Thursday September 8, 2005 - 11:39:26 GMT
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Black Swan Capital - www.blackswantrading.com
“We all know that art is not truth. Art is a lie that makes us realize truth.”
The dollar is trading in the midst of a tug-a-war it seems! Dampening effects of Katrina vs. risk premiums! Is the dollar about to lose two of its major props: growth and yield appeal?
Chart: Dollar vs. Eurodollars
From Pimco’s Bill Gross, September Investment Outlook : [Our emphasis]
Oh, I know I’m paid and paid well to shroud the Outlook with pessimism whereas equity, hedge fund, and these days private equity managers are paid and paid well to cast a perpetual glow of hope on tomorrow’s dawning. But in determining whether or not the sun is rising or beginning to set on our economy and its markets, perhaps it is best to return to the maestro himself for a hint on the timing of this affair. ‘Any onset of increased investor caution,’ he wrote at Jackson Hole, ‘elevates risk premiums and, as a consequence, lowers asset values and promotes the liquidation of the debt that supported higher prices. This is the reason that history has not dealt kindly with the aftermath of protracted periods of low risk premiums.’ The secret for successful future strategies, therefore, may be to decipher what precipitates that increased investor caution and when.
From The Wall Street Journal today:
But for some Fed officials, Katrina merely has amplified concerns they already had that higher energy prices were working their way into underlying inflation. While higher oil prices might reduce growth, ‘there is also a risk on the inflation front, and the risk is higher now than it was a year ago,’ Federal Reserve Bank of Chicago President Michael Moskow said yesterday. With the economy running close to capacity, businesses are more likely to pass higher energy costs on to other goods and services, he told the Futures Industry Association in Chicago yesterday. If inflation accelerates, it could become embedded in workers' and companies' wage-and-price behavior, he said. ‘The Fed would need to respond accordingly in order to restore price stability.’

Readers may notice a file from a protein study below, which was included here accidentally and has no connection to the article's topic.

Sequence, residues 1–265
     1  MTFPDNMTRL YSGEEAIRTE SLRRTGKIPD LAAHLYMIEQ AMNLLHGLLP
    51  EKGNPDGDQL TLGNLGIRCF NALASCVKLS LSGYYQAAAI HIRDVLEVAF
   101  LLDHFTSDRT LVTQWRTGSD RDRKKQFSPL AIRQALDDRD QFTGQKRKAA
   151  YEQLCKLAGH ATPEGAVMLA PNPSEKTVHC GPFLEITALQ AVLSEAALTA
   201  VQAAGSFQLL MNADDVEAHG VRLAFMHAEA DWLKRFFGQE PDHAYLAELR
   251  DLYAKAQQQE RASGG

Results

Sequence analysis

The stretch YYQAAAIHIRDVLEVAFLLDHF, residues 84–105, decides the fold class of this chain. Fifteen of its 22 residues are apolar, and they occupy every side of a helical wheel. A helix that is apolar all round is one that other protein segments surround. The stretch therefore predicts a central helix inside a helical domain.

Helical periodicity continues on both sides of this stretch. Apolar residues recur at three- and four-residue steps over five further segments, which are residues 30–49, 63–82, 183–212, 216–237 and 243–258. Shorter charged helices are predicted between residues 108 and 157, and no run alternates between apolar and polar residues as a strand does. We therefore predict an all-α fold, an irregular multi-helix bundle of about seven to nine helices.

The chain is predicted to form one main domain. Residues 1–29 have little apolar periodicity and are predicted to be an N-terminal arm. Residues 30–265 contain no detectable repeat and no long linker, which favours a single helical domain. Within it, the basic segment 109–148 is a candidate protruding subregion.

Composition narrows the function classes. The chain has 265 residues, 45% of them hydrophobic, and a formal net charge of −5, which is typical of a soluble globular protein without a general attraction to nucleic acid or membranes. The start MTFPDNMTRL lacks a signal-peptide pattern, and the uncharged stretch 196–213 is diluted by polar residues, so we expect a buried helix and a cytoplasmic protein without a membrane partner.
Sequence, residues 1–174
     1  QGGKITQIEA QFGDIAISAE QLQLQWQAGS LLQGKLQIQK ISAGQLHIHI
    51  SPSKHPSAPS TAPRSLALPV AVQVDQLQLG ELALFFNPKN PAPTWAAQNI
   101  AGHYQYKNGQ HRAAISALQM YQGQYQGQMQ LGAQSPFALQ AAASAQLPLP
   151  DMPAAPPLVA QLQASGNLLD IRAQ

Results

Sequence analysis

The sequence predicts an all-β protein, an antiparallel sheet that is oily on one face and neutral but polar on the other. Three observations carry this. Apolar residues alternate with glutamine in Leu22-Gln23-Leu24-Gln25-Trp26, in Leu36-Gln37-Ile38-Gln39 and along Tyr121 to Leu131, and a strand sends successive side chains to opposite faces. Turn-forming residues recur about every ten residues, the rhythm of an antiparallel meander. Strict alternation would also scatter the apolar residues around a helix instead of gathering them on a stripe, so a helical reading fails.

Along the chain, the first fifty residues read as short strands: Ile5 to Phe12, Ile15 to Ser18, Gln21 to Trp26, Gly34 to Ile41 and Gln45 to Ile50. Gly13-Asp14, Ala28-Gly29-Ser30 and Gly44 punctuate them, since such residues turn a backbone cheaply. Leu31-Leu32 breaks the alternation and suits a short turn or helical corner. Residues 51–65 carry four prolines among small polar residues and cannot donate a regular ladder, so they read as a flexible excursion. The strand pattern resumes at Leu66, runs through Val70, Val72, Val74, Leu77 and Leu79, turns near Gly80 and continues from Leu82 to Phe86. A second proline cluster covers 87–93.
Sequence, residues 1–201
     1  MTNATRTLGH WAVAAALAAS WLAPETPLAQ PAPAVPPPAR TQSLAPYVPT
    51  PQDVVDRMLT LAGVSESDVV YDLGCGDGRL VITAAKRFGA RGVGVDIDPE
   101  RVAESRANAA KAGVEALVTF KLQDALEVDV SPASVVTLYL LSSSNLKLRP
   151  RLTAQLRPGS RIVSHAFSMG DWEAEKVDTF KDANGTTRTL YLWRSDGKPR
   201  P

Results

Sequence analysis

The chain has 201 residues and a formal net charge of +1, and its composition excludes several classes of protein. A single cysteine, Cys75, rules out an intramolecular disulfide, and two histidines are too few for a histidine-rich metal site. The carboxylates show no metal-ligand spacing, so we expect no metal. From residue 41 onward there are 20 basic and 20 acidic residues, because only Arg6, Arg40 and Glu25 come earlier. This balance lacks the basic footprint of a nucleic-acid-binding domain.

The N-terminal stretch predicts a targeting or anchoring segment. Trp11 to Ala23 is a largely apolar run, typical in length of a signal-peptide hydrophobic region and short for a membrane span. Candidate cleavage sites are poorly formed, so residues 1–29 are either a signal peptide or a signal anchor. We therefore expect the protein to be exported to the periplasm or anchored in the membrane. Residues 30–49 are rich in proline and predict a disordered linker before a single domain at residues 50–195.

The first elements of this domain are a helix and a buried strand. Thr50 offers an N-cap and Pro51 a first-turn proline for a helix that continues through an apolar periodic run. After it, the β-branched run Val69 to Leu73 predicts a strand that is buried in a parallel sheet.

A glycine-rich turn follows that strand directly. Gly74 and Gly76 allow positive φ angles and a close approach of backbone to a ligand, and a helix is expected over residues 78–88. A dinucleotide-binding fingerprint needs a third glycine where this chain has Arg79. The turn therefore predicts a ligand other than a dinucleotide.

Back to the future! The Fed is in a damned if it does and damned if it doesn’t raise rates scenario. Risk a runaway asset bubble by proving moral hazard is only a talking point if the Fed pauses. Risk a tanking of the housing market if it raises rates. I guess that’s why they get paid the big bucks.
Mr. Gross and others seem to expect Mr. Greenspan and Co. will raise rates to the 4% level—then stop.
Chart: Fed Funds
Source: The Wall Street Journal
“The boom can last only as long as the credit expansion progresses at an ever-accelerated pace. The boom comes to an end as soon as additional quantities of fiduciary media are no longer thrown upon the loan market.”
Ludwig von Mises.
And if we see what Mr. Gross expects—deflating home prices…
“If the home asset bubble stops expanding, deflates, or pops any time soon (and I suspect we are only a few short months from at least the first of these three) then the potential for Greenspan’s ‘debt liquidation’ follow-on is something that investors must begin to prepare for. Debt liquidation, as opposed to loan growth, slows an economy or sinks it into recession, generating the higher risk premiums that the Chairman warns us lie ahead,” writes Mr. Gross.
…then we see a major hit to collateral values, which raises systematic risk and touches off a race to the short-end of the Treasury curve, as Mr. Gross expects.
None of this would be good for the dollar—because it would lead to the expectation the Fed will turn and cut rates. Right? Well, maybe!
Any time we look at stuff like this, there should be a warning label attached. Because, number one, we can’t forecast interest rates. And number two, if we could, we need to remember that not all things remain equal as we are told in economic 101. For if everyone is racing to the short-end of the Treasury curve, by definition it means they are running from something else. That something else could be emerging market bonds, Asian investments, or commodity currencies also predicated on growth and yield.
“It ain’t over till it’s over.” Once again, Yogi cuts right to the chase.
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